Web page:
Incidence of severe retinopathy of prematurity before and after a modest reduction in target oxygen saturation levels.
Previous studies suggest that reducing target oxygen saturation levels to 85-93% decreases the incidence of severe retinopathy of prematurity (ROP). Our aim was to determine if a more modest reduction in target oxygen saturation levels also reduces ROP incidence.One neonatal intensive care unit instituted new oxygen saturation guidelines that changed target levels from the upper 90s to 90-96%. We conducted a retrospective cohort study to determine the proportion of eyes that progressed to (1) threshold or type-1 ROP and (2) stage 3. These proportions were compared between two groups of all eligible infants born up to 10 months before (higher oxygen group, n = 46) and up to 16 months after (lower oxygen group, n = 59) the policy change. Binomial regression was used to calculate relative risks adjusted for birth weight, gestational age, apnea, days of mechanical ventilation, and length of hospital stay.Sixteen of 90 eyes (18%) in the higher oxygen group developed threshold or type-1 ROP versus 16 of 118 eyes (14%) in the lower oxygen group (adjusted relative risk = 0.66, 95% CI = 0.29, 1.51). Twenty-two of 88 eyes (25%) in the higher oxygen group developed stage 3 ROP versus 26 of 118 eyes (22%) in the lower oxygen group (adjusted relative risk = 0.76, 95% CI = 0.43, 1.37).We observed a small but statistically insignificant reduction in the incidence of severe ROP after a modest reduction in target oxygen saturation levels to 90 to 96% in the first several weeks of life.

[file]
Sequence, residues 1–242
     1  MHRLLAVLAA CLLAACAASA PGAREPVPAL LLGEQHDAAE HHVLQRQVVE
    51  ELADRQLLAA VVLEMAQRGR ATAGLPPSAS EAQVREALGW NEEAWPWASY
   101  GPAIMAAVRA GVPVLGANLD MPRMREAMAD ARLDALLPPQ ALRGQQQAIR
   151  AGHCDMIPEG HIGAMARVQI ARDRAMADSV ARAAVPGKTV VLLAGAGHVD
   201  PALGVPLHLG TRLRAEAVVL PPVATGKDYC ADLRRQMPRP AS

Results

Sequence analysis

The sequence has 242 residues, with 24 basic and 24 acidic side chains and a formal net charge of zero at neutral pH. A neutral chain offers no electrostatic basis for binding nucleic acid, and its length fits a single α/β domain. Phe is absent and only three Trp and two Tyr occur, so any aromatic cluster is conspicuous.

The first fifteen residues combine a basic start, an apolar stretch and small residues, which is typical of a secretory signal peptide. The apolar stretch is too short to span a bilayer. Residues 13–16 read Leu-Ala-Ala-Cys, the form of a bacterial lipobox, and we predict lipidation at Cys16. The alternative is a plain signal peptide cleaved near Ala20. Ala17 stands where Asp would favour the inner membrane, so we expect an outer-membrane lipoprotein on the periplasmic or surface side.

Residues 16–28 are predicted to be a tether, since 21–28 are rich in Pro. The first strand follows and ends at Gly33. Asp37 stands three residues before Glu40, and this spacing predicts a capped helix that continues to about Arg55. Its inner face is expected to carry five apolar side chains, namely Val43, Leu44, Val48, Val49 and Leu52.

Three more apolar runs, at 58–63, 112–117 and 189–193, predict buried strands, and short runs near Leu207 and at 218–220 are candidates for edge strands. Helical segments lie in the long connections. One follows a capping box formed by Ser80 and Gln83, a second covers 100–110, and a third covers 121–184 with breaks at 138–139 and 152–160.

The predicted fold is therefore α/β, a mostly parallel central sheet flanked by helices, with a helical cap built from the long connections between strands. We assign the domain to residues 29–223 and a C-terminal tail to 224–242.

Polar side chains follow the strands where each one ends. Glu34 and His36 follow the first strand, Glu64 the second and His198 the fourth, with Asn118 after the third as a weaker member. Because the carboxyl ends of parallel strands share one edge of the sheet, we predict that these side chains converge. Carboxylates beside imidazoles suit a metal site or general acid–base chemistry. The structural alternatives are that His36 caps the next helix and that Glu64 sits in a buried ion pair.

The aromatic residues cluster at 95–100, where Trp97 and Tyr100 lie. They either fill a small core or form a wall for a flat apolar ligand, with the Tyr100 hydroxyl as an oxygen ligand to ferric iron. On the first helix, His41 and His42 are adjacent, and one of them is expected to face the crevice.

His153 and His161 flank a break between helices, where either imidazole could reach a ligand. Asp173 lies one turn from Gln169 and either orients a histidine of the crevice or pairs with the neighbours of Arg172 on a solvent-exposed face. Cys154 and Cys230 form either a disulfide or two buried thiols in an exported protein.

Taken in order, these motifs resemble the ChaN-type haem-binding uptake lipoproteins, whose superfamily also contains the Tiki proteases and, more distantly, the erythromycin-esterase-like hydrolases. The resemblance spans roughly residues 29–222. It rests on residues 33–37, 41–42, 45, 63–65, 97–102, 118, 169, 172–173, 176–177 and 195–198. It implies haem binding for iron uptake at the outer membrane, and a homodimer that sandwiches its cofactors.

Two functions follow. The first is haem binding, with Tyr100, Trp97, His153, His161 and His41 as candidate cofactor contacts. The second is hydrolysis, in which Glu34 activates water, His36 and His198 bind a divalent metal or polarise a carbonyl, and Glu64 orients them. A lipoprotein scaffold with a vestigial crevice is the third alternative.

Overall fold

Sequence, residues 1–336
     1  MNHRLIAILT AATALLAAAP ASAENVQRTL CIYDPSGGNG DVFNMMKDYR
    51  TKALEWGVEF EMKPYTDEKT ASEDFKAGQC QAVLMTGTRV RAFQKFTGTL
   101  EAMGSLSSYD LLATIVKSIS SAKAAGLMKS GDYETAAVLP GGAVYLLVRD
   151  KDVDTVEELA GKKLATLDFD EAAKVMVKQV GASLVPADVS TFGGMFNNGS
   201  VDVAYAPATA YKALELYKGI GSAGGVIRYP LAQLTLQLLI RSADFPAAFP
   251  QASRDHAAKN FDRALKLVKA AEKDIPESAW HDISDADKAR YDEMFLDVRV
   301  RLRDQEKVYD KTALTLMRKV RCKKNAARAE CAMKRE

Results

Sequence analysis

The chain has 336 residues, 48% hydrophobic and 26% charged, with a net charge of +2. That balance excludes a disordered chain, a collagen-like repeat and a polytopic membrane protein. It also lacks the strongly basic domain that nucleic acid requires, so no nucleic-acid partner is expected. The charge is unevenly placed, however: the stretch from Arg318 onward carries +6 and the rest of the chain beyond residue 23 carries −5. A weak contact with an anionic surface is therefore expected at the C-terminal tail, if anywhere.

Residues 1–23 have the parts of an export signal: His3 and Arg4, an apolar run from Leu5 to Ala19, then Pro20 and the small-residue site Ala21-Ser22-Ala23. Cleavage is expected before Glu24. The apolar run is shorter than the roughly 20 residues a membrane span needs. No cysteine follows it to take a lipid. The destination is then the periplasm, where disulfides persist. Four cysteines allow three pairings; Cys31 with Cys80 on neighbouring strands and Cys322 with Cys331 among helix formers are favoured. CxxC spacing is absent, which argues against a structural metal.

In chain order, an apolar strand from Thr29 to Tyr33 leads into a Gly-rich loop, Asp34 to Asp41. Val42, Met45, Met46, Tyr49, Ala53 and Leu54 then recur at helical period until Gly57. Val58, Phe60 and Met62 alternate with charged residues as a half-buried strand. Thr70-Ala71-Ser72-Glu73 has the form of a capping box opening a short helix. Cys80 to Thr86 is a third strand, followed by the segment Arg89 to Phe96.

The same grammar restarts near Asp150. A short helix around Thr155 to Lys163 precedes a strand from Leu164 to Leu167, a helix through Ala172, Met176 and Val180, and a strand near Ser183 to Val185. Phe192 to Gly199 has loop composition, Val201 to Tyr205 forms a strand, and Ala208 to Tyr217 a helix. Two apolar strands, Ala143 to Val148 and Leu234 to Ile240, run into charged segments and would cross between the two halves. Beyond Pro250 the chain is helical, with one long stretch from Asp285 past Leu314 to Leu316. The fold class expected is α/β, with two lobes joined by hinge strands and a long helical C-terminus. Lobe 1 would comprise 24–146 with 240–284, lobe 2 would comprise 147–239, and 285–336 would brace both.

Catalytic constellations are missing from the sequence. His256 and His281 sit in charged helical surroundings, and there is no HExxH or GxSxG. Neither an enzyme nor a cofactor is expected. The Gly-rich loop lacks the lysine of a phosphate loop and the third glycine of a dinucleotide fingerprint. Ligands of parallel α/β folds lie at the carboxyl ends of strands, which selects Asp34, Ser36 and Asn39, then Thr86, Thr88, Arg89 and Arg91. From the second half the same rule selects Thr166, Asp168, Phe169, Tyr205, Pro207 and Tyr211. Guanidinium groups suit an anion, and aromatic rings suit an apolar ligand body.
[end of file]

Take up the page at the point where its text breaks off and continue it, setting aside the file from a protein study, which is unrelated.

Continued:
Wallace, DK; Veness-Meehan, KA; Miller, WC
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